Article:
The most important laws governing the relationship between landlords and tenants are:
- The Rental Housing Act (RHA)
- The Prevention of Illegal Eviction and Unlawful Occupation of Land Act (PIE) and
- The Consumer Protection Act (CPA)
These three laws attempt to balance the often-conflicting interests of the property owner and the tenant and establish a legal framework for the resolution of disputes that arise during the tenant’s occupation of a property.
In this article we will focus on the RHA and how it affects you as a property owner. Please note that this information is not intended to be legal advice and you should at all times consult a qualified attorney to properly discover your rights and recourse.
Currently the RHA of 1999 is still in play although the 2014 amendments have been accepted and are awaiting promulgation by the president.
What will change?
Going forward, landlords will be obliged to reduce agreements to writing, which in the past was only necessary if the tenant requested it. Even though the 2014 amendments are not yet in force, we strongly encourage landlords to have a written and signed lease agreement that also includes all subsequent agreements. In our experience written agreements are always better than verbal ones, especially if it needs to be tested in court. Verbal agreements are open to interpretation and when disputed by the other party, the court may be required to hear oral evidence. This can lead to unnecessary delays as well as escalating legal fees. (For more information about how to draw up a good lease agreement, read our Nuts & Bolts article on this topic.)
Chapter 3 of the RHA is the pertinent section and outlines the duties and rights of the owner and tenant. It is worth reading these pages as this is the area where most disputes arise. In summary:
- May not discriminate against applying tenants on the basis of amongst others (but not limited to) race, gender, disability, religion, age, disability, language, birth, gender;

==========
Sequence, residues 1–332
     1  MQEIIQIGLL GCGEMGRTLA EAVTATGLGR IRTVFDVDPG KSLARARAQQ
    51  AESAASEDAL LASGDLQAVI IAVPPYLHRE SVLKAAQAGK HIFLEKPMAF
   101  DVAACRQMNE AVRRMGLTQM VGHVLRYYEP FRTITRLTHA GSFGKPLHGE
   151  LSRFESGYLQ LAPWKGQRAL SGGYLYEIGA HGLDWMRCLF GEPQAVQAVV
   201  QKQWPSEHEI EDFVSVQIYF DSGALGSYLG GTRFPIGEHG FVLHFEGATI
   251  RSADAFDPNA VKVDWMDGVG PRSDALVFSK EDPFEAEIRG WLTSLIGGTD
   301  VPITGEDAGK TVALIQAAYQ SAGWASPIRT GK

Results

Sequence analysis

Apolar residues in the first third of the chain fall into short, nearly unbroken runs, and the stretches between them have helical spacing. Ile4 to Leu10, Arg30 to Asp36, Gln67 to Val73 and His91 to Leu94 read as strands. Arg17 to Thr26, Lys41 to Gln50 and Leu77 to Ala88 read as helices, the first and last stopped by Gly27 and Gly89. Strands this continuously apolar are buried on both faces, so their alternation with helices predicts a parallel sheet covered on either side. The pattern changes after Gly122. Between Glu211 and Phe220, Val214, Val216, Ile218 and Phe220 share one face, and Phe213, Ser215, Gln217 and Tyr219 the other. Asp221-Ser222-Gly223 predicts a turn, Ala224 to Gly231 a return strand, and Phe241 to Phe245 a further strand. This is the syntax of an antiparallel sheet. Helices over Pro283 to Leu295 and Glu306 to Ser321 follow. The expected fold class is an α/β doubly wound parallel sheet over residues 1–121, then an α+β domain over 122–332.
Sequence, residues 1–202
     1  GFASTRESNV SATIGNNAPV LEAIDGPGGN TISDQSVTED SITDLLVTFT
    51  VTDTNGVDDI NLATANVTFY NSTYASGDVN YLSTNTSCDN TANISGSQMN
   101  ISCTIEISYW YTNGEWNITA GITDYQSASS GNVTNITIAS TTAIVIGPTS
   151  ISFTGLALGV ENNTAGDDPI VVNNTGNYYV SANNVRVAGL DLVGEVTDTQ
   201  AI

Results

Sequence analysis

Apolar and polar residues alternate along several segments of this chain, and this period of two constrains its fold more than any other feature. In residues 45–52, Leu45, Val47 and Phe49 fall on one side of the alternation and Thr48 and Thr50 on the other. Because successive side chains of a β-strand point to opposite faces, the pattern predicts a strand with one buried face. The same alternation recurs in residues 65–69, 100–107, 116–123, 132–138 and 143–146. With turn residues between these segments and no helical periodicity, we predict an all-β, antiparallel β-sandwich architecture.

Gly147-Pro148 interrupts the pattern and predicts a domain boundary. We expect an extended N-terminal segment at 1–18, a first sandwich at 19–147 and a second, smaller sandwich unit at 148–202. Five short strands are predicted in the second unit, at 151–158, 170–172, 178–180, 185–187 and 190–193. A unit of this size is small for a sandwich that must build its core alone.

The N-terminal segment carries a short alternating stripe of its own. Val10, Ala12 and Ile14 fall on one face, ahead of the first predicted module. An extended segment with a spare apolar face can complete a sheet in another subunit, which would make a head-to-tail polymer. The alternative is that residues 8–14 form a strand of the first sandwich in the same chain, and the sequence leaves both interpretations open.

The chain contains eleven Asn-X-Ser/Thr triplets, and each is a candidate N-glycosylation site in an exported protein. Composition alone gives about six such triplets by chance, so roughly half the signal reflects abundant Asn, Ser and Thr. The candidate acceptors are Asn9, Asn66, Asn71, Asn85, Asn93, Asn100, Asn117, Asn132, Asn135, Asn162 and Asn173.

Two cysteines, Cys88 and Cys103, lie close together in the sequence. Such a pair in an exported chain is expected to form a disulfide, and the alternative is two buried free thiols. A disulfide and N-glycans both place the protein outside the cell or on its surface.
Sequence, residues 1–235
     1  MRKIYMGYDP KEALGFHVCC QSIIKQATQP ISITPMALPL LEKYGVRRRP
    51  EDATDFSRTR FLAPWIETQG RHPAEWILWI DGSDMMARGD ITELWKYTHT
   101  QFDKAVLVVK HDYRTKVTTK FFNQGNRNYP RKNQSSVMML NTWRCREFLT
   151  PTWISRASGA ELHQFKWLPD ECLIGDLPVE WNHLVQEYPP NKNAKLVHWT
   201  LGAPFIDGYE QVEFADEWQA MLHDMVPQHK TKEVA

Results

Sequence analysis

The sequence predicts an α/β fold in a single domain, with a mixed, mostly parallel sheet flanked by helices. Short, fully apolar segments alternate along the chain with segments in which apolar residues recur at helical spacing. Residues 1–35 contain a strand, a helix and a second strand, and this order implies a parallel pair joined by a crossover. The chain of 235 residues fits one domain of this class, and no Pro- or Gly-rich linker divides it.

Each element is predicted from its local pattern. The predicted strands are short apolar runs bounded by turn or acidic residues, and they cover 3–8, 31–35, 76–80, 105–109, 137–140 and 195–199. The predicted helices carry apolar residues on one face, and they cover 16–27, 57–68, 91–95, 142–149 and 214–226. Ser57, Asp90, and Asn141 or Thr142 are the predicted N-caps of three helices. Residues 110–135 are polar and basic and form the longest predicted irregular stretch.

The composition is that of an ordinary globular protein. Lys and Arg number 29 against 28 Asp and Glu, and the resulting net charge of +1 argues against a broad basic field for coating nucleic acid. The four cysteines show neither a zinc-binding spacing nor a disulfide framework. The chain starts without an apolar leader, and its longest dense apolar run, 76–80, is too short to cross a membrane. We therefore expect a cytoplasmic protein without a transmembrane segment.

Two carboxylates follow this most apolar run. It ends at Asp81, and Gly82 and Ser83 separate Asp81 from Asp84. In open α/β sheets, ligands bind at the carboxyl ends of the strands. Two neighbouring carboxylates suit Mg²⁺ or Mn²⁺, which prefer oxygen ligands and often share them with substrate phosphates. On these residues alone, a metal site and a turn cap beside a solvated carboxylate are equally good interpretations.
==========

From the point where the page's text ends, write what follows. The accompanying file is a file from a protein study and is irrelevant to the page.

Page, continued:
- Must respect the tenant’s privacy and make proper arrangements should access to the premises be required;
- May terminate the lease due to material breaches of the agreement as long as this does not constitute an unfair practice (here we look to the CPA for procedural guidance and if the tenant is deemed an “unlawful occupier”, PIE action may be instituted.);
- Must receive the property back in the same condition at the termination of the lease, save for fair wear and tear, and recover costs associated with repairs to damage caused by the tenant (as recorded in the entry and exit inspections) from the security deposit held for this purpose.
- Perform structural maintenance on the property when notified of such damage by the tenant (again there are some grey areas here, specifically if the structural maintenance required resulted from damage caused by the tenant or as a result of the tenant’s failure to perform fair maintenance).
- Must make prompt and regular payment of the rent as agreed in the lease, and is entitled to receive written receipts for all payments made;
- May not unreasonably deny the owner his right to access the property if proper notice has been given;
- Adhere to the House Rules (if applicable) as attached to the lease agreement;
- Perform fair maintenance of the property and garden, typically explicitly specified in the agreement.
Disputes most often arise in the following broad areas:
- The tenant does not pay the rent in full or on time;
- The tenant does not adhere to house rules or specific requirements recorded in the lease agreement;
- The tenant does not perform regular maintenance/repairs and upkeep to the property;
- The owner does not perform structural repairs when requested by the tenant;
- The owner makes deductions from the security deposit at the end of the lease that are contested by the tenant.
While each of these actions is a direct contravention the Rental Housing Act, the CPA and PIE also come into play in terms of the procedures followed by the parties in their attempts to rectify the issue.
For more information about how RentMaster can help you manage your rental property, call us on 0861 250 250 or email us on firstname.lastname@example.org